July 14 (Bloomberg) -- Soybeans rose for a ninth session in Chicago, the longest streak since August, on speculation hot weather in the U.S. will reduce yields and curb global stockpiles. Rice reached the highest price since Oct. 9, 2008.
Almost a third of soybeans in the U.S. Midwest including Iowa and Illinois, the biggest growing states, may be hurt by unusual heat and dryness over the next 15 days after high winds affected some plants in the states this week, Commodity Weather Group LLC predicted yesterday. The oilseed has gained 7 percent since June 30, the last time prices declined.
“Hot, dry weather is expected to prevail across the Midwest, which could affect crops during the crucial August growing period, lowering yields,” said Justine White, an analyst at VM Group in London.
Soybeans for November delivery climbed 5.25 cents, or 0.4 percent, to $13.85 a bushel by 1:15 p.m. London time on the Chicago Board of Trade. Prices increased 43 percent in the past year, partly on rising demand from China, the biggest importer. The U.S. is the top grower and exporter.
Rice for September delivery added 24 cents, or 1.4 percent, to $16.93 per 100 pounds after touching $17.07. The grain climbed on concern higher guaranteed prices for farmers in Thailand, the top shipper, will boost export costs as import demand strengthens.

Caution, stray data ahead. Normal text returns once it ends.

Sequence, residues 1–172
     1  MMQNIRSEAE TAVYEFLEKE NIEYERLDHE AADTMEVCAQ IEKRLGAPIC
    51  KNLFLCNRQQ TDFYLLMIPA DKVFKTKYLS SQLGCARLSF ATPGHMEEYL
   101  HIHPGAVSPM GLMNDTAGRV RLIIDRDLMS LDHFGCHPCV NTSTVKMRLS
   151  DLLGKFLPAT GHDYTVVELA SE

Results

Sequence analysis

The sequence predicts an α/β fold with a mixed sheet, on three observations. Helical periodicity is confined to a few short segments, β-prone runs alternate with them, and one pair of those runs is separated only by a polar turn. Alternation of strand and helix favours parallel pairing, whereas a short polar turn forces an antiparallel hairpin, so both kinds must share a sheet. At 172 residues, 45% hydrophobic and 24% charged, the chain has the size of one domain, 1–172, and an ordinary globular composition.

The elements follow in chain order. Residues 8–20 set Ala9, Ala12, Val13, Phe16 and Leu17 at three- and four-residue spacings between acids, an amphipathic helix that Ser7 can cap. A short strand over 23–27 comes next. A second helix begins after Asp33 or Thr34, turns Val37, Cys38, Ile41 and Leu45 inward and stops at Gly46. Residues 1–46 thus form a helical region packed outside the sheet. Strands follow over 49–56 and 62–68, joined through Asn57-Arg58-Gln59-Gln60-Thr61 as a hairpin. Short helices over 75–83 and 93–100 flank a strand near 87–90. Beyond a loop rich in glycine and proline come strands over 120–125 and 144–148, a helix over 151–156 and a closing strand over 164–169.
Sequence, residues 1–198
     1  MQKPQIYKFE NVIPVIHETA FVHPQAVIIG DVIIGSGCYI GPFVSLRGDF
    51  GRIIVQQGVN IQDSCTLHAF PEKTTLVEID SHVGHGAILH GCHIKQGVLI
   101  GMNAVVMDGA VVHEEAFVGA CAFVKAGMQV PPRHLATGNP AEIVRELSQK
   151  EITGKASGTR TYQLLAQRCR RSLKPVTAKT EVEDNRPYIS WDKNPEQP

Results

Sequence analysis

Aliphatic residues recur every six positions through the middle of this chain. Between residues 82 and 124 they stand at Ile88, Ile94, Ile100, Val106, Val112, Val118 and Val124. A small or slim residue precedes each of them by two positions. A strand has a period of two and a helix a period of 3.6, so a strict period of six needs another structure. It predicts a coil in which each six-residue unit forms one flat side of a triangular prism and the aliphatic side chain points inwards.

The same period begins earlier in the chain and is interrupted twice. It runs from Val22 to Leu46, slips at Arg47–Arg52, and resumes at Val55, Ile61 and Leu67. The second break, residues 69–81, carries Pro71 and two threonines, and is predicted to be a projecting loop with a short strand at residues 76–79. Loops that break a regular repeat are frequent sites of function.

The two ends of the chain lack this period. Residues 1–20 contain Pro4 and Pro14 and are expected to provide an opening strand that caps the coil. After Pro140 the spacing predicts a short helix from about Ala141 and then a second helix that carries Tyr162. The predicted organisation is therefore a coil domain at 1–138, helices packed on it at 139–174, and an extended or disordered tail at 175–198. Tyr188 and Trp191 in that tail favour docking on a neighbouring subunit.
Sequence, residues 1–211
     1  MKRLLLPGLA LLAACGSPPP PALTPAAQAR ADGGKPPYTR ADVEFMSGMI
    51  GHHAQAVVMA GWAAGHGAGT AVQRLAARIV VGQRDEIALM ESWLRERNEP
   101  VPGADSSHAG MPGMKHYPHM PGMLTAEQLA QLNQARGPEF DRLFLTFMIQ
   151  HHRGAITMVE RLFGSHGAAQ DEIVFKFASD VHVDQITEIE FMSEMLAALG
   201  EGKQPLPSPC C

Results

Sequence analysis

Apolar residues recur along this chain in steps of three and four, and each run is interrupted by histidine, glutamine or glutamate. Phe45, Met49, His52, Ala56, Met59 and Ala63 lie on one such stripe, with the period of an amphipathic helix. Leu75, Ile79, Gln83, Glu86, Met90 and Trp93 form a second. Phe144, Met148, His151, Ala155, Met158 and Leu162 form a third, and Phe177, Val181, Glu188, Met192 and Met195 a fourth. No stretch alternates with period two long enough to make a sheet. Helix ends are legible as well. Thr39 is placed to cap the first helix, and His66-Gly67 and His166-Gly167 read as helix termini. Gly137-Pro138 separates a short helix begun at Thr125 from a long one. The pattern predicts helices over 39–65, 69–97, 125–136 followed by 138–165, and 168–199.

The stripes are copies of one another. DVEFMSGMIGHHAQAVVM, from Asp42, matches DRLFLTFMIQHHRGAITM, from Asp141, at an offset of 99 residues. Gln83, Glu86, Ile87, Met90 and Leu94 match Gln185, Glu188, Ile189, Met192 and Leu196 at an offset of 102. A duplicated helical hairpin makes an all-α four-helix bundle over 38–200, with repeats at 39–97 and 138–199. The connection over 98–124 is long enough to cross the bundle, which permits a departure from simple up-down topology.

Indonesia, the third-largest rice consumer, plans to import for a second year to boost stockpiles 33 percent to 2 million tons, Trade Minister Mari Pangestu said yesterday. Incoming Thai leader Yingluck Shinawatra won a July 3 poll partly on a pledge to raise the guaranteed price for farmers.
The “promise to buy rice at a higher price will likely drive prices higher,” Nirgunan Tiruchelvam, an analyst at Standard Chartered Bank in Singapore, said by phone today. Import demand from Indonesia and threats to production in the U.S. “also add pressure to prices.”
Wheat for September delivery fell 2.75 cents, or 0.4 percent, to $7.1175 a bushel. The grain climbed 12 percent in two sessions before today. Milling wheat for November delivery traded on NYSE Liffe in Paris dropped 1.75 euros, or 0.9 percent, to 199.25 euros ($282) a metric ton.
Corn for December delivery gained 3.25 cents, or 0.5 percent, to $6.83 a bushel in Chicago.
--With assistance from Phoebe Sedgman in Melbourne and Whitney McFerron in Chicago. Editors: John Deane, Sharon Lindores
-0- Jul/14/2011 12:54 GMT
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